Firstly, you must avoid a wager or investment if the Kelly Criterion returns a negative value. Even if you think a bet is highly likely to win, a Kelly percentage less than zero suggests that there is no positive EV. It means the wager will result in losses in the long term. However, a negative percentage is significant in Kelly’s criterion of lay betting. Since a lay bet is the opposite of the regular back bet, a negative “f” variable from the Kelly criterion formula means long-term profitability for lay bets.

Furthermore, experts advise that you shouldn’t wager more than 20-25% on a single bet or investment, irrespective of what the Kelly percentage says. In this case, using a smaller percentage of the suggested fraction is advisable to manage risk and avoid excessive volatility. It is referred to as fractional Kelly.

Also, remember that the Kelly bet formula is as effective and accurate as the actual probabilities of winning and losing used in it. If these variables are incorrect, it can result in detrimental results.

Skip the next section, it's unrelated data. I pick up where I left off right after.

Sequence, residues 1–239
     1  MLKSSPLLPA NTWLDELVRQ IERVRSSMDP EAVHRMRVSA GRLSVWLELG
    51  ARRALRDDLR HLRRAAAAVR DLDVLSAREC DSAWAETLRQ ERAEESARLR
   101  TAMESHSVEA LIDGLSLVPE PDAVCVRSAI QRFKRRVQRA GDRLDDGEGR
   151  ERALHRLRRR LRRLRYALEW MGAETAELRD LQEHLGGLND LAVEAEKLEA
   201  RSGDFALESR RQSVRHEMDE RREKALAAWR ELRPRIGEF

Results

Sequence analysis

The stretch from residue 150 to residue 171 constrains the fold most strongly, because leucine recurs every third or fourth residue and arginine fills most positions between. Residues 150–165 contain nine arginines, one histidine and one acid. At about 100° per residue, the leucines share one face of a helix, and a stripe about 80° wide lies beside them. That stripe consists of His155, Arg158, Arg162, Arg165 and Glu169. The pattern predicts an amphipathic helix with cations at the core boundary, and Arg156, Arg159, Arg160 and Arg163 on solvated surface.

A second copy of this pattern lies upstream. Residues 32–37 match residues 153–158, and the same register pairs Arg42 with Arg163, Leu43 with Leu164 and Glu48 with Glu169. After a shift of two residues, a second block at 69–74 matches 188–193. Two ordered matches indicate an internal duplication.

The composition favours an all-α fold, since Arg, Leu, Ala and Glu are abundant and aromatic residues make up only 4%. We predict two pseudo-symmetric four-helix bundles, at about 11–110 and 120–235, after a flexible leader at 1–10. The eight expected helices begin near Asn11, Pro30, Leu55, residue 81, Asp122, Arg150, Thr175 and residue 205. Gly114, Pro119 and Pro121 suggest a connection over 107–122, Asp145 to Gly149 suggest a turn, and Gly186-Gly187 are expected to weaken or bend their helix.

Kelly Criterion Sports Betting: Pros and Cons

The Kelly system betting helps bettors maximize their long-term capital growth by determining the optimal fraction of their bank to wager on a bet. However, like every betting strategy, system, or formula, it has pros and cons. We will explore this in detail below.

  • Optimizes long-term growth: The Kelly Criterion is designed to maximize long-term profits by considering the expected value of bets. The formula encourages bettors to wager a higher fraction of their bankroll when the value is higher, resulting in increased ROI in the long term.
  • Protects you from going broke: The Kelly betting system helps bettors take the right amount of risk by encouraging them to wager a lesser fraction of their bankroll when the positive value is lower.